FEATURED ARTIST: Alan Howe FEATURED ARTIST: Alan Howe FEATURED ARTIST: Alan Howe FEATURED ARTIST: Alan Howe FEATURED ARTIST: Alan Howe

October 24, 2014

prometheusposter

Posted June 8, 2012 by D. K. Holm

Like Snow White and the Huntsman before it, Prometheus was the recipient of an effective trailer that instilled a sense of awed anticipation. ThePrometheus trailers were even anounced and postitioned like movies themselves, and coming out of commericals in the first place, director Ridley Scott may have had a hand in overseeing their creations. But unfortunately, also like Snow White, this new entry in the Alien franchise is a major disappointment.

All that is wrong with the film is condensed is what will probably be its most notable or controversial scene, in which one of the characters has to perform a Caesarian on herself. The procedure is conducted in a long tubular theater by lasers and various mechanical arms. The character,  Shaw, is a Christian, always wearing a cross around her neck, and bearing a faith she inherited from her father. The film takes an ambiguous position on her self-abortion, though. For one thing, it is an alien beast in there. Surely, that is a reasonable situation to justify an abortion. But unusually for such a thinker, Shaw doesn’t wrestle with the implications of what she is doing. In addition, there are so many things wrong with the medical science behind the scene, that most surgeons in the audience will probably find it ridiculous. Yet it is a gripping, digusting, and well-crafted. It’s just that, as a set-piece, it is inconsistent with the rest of the movie.1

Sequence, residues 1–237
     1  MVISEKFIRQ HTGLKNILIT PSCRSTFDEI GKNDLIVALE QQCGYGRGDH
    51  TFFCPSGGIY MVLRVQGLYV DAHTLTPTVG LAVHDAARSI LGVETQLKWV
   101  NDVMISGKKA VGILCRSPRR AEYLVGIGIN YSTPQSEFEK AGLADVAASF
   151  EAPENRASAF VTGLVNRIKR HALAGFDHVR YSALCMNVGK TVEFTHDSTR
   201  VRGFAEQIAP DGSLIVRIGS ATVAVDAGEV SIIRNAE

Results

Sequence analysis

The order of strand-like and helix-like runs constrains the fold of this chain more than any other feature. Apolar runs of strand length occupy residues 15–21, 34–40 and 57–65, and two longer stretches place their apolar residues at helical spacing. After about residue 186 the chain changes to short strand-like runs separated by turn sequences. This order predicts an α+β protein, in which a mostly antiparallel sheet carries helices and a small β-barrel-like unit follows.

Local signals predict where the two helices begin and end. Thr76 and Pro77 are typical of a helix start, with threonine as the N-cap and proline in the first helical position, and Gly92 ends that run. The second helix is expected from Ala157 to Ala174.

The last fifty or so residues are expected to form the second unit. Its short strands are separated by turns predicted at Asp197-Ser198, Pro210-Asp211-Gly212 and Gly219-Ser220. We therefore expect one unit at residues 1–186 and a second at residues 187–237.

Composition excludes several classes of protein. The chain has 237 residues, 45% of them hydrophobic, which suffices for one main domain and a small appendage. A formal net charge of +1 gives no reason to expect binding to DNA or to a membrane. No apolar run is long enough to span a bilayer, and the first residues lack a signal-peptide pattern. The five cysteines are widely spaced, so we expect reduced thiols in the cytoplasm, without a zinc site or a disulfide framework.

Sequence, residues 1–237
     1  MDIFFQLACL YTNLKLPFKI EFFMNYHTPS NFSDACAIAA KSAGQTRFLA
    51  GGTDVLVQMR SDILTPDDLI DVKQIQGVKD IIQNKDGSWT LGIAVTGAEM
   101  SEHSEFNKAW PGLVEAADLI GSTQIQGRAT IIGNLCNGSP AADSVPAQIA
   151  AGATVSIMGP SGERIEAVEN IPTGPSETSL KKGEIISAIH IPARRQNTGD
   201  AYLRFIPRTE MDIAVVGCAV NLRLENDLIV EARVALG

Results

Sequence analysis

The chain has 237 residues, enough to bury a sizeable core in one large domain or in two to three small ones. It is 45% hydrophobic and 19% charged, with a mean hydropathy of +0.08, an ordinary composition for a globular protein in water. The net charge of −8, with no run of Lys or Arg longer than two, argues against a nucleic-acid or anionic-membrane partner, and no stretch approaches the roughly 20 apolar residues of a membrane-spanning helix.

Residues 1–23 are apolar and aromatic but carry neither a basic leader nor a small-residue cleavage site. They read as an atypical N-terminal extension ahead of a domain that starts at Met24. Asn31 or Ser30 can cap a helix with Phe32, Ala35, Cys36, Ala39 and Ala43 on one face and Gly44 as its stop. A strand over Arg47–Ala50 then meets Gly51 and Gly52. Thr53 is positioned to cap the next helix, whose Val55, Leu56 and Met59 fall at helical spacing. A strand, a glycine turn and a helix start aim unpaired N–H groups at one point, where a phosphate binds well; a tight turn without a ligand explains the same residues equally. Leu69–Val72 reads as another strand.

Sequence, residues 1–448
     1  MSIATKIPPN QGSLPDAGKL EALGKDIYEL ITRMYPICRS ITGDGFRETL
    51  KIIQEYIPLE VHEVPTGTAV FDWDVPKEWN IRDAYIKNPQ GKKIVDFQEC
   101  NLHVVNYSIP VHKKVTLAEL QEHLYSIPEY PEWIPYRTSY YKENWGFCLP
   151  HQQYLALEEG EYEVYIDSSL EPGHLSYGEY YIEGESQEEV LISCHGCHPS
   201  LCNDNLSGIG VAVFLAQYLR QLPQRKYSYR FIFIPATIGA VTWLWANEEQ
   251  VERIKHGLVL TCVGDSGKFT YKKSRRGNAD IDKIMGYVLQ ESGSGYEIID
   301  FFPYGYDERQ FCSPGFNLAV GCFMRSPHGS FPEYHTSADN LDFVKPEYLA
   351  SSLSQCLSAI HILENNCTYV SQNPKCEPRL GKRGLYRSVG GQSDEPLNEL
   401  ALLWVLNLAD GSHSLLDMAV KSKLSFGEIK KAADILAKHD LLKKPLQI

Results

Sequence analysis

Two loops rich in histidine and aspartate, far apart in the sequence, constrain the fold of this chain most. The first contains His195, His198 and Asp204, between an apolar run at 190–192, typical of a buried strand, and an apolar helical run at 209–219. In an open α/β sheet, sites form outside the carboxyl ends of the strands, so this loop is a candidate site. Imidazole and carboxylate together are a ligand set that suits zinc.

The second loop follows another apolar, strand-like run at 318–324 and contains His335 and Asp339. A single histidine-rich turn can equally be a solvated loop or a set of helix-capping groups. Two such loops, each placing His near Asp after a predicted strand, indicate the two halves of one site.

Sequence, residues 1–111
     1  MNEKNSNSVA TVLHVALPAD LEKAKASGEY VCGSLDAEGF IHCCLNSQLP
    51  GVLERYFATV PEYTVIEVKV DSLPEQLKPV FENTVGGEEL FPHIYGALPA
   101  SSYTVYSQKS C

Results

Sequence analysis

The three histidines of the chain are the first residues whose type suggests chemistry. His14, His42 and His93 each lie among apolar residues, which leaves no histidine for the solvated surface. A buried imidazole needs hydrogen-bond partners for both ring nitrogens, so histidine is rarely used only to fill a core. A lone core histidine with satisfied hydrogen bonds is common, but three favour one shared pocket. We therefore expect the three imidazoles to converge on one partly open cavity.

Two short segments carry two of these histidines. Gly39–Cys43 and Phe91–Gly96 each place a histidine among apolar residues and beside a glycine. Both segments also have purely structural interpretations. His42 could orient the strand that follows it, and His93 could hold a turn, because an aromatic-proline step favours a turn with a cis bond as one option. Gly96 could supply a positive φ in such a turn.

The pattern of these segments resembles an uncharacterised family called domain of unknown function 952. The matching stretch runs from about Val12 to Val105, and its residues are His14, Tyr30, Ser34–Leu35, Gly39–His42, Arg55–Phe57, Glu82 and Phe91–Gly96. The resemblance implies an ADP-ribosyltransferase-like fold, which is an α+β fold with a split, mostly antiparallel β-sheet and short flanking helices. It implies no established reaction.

The long-gestating script is credited to Damon Lindelof, who worked on Lost. As is well known through interviews, Lost is a Christian allegory, with the characters more or less living in purgatory for their sins. I don’t think that Lindelof is himself a Christian, and he may be using the Christian lure cynically, knowing that most Americans have some kind of belief system. The result, though, is that his scripts are mostly incoherent, and that is the case with Prometheus as well. When you have to go to the Wikipedia page plot summary of a movie, you know it’s in trouble.

It is only via that Wikipedia page that the viewer can figure out that Shaw is supposedly sterile, what the alien in the credit sequence is doing,2 that the liquid that the scientists find on the aliens’ planet creates weaponized creatures, and various other details. [A colleague points out that there is a line of dialogue indicating Shaw's sterility.]

To be said on the film’s behalf, Prometheus – orrometheu as the title was rendered at the screeningi I attended, thanks to the fact that the projector had the wrong lens and cut off the sides of the image –  is visually stunning. The acting is uneven, but when it is good, such as with Michael Fassbender as the android, it is terrific. Unfortunately, the film is little more than a flaccid, suspenseless succession of set pieces that don’t cohere clearly into a strong narrative.

1 Scott likes to disgust his audiences, as if he doesn’t like them, or as if he doesn’t understand what they really want. Take, if you can bear it, the brain-eating scene from Hannibal.

2 All the aliens in the film, called the Engineers, are designed to look the same, like Michaelangelo’s David.